"Open up! Let's see the gold teeth!"

"That's flat! Fix it."

"Nice! Go on - I don't want to touch that."

With a mixture of charm, humor and musicianship director Sandra Willetts is preparing the Southern Maryland Choral Society for its opening concert this Sunday. The singers obviously are enjoying the good-natured cajoling of their conductor, whom they call "Sandy."

During the rehearsal, someone laughed at a comment. "What's wrong?" Willetts asks. "Are you enjoying this?"

Behind the quick wit is a thoroughly professional musician, who teaches music at St. Mary's College, knows the conductor's craft inside out, does structural analyses of scores and organizes rehearsal time like an efficiency expert. In Willett's view, it takes both knowledge and humanity to be a successful conductor.

A solid musical grounding is essential, she explained, "because you have to be able to play your instrument. The chorus is my instrument, and the rehearsal is my performance, not my practice session. If I prepare right, if I've done my practicing by myself - that is, learning the music, planning rehearsals to get the maximum done in the least amount of time."

The technique and knowledge must be tempered with warmth and psychology, said Willetts. "Group therapy - that's what choirs are. We're a big, happy family. We come together for a learning and spiritual experience.

"Conducting is such a responsibility. You're not dealing with an inanimate instrument. You're dealing with human lives and, more importantly, human souls."

As the conductor of a 100-voice chorus, Willetts is something of a rarity in the Washington area. Although women frequently conduct church choirs, leadership of large choral organizations is almost exclusively a male domain. Willetts, who has been leading the Southern Maryland Choral Society since 1975, sees a correlation with the general status of women in our society.

"The conductor is a figure of authority," she said. "It's only recently that women have been allowed to be in positions of authority, to go ahead rather than having to keep proving themselves."

In the past, women had to be far better than men even to be considered, said Willetts. "Now, I'd probably get the job because it would look good to get a woman as a conductor."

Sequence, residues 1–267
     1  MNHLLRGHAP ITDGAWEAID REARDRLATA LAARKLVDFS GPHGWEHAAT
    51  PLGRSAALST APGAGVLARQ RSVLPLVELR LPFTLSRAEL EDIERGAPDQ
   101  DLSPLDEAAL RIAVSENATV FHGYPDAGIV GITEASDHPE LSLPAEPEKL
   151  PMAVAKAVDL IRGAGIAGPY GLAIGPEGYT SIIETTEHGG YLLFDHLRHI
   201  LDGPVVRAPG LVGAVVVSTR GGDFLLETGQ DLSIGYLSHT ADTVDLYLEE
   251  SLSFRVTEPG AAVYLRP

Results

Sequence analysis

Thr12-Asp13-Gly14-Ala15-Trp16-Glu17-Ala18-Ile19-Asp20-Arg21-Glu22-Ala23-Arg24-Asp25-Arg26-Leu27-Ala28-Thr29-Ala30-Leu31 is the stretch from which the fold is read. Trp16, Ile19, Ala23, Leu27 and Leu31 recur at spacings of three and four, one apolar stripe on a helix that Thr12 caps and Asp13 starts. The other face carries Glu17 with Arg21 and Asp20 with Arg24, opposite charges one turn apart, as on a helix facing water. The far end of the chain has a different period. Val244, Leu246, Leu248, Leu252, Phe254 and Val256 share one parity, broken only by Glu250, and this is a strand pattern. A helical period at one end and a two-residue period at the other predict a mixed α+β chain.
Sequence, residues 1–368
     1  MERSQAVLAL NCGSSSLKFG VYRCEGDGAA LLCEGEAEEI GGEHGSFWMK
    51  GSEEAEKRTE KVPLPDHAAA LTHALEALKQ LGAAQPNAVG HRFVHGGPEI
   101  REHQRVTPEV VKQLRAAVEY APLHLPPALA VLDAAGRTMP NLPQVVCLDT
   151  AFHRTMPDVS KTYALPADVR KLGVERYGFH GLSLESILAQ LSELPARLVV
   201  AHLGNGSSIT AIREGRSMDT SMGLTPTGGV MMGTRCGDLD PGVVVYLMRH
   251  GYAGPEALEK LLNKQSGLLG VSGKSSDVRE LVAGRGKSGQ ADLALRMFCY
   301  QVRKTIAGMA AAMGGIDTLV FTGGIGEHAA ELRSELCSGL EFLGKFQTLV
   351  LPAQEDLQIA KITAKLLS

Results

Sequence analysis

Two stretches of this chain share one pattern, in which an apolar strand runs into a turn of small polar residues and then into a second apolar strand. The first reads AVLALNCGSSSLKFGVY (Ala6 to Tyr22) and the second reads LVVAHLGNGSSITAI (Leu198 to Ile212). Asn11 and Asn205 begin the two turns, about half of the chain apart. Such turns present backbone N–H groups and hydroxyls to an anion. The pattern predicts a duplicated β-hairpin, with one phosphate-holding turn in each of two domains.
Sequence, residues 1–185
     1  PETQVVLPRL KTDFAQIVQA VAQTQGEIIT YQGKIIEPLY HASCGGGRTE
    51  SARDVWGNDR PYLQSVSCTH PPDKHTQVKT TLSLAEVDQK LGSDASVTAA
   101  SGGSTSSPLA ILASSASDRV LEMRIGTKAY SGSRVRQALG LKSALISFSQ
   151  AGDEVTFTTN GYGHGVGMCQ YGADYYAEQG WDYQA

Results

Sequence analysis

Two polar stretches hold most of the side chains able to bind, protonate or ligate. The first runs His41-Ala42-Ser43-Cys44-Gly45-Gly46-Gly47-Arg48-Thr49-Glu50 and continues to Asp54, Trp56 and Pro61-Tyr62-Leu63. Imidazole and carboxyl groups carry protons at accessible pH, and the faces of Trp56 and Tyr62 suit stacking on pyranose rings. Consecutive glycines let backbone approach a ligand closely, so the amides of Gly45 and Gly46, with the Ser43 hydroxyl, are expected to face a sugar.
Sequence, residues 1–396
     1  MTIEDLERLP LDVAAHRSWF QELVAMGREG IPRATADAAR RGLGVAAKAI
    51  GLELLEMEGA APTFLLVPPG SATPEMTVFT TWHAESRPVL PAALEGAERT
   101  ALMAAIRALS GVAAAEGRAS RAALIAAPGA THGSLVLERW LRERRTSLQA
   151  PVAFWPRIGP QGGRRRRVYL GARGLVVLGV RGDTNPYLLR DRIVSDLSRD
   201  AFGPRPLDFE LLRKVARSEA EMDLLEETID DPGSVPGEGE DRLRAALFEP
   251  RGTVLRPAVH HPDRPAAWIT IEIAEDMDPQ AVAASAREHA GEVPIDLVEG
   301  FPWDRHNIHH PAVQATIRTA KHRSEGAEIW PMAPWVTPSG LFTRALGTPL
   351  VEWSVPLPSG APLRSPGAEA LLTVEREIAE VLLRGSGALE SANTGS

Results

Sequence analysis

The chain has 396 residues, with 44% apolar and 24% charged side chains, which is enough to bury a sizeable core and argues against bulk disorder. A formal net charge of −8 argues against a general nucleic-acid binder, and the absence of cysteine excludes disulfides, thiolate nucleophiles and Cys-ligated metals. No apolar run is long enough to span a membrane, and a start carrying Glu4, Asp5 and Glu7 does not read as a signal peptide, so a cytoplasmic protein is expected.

Willetts is hopeful that the future will bring a balance. "Then, if I get a job, I'll go back and practice some more."

Asked if a woman brought a special quality to conducting, perhaps a greater warmth, Willetts replied, "No. It's not the woman, it's the person . . . I feel good about conducting and good about being a woman, and I don't connect the two."

Included in the concert Sunday will be the premiere of a commissioned work, "Song to the Soul of a Child," by Washington area composer Winifred Hyson. The fact that Hyson is a woman was incidental to her selection for the program, said Willetts, who had heard and liked other works by the composer. Learning the rather complex music has been a growing experience for the chorus, said Willetts, adding, "Every season, I've tried to stretch them without breaking them."

Looking at this season, which includes Handel's "Messiah" in December and Mozart's "Requiem" in March, Willetts said that the choral society, based in the Clinton area, is "providing a real service to this corner of southern Maryland. We're presenting the major choral works that you can't get without going to the Kennedy Center - and I'm aiming for Kennedy Center quality."

Sunday's concert, which includes Leonard Bernstein's "Chichester Psalms," begins at 8 p.m. in the auditorium of Friendly Senior High School in Oxon Hill.

Asked if, as a conductor, she is aiming for the Kennedy Center, Willetts replied, "I may not get to perform in the Kennedy Center and maybe that's not important . . . If I can instill in my singers a certain progress of self confidence, I feel that's my greatest mission, above the music. Maybe I'll have changed their lives, and that's important."